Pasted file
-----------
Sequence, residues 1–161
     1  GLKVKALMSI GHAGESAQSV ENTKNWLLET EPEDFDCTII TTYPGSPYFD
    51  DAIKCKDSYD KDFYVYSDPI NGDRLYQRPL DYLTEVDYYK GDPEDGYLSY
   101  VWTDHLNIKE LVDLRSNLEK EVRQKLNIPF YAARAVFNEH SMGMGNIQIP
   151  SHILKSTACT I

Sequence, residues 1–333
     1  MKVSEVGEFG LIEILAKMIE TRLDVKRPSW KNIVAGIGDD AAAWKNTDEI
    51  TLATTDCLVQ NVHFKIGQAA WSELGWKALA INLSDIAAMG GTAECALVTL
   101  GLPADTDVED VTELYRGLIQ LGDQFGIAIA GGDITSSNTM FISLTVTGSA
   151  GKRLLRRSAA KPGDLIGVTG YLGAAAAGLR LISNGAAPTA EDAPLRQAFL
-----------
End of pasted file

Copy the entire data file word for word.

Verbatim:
Sequence, residues 1–161
     1  GLKVKALMSI GHAGESAQSV ENTKNWLLET EPEDFDCTII TTYPGSPYFD
    51  DAIKCKDSYD KDFYVYSDPI NGDRLYQRPL DYLTEVDYYK GDPEDGYLSY
   101  VWTDHLNIKE LVDLRSNLEK EVRQKLNIPF YAARAVFNEH SMGMGNIQIP
   151  SHILKSTACT I

Sequence, residues 1–333
     1  MKVSEVGEFG LIEILAKMIE TRLDVKRPSW KNIVAGIGDD AAAWKNTDEI
    51  TLATTDCLVQ NVHFKIGQAA WSELGWKALA INLSDIAAMG GTAECALVTL
   101  GLPADTDVED VTELYRGLIQ LGDQFGIAIA GGDITSSNTM FISLTVTGSA
   151  GKRLLRRSAA KPGDLIGVTG YLGAAAAGLR LISNGAAPTA EDAPLRQAFL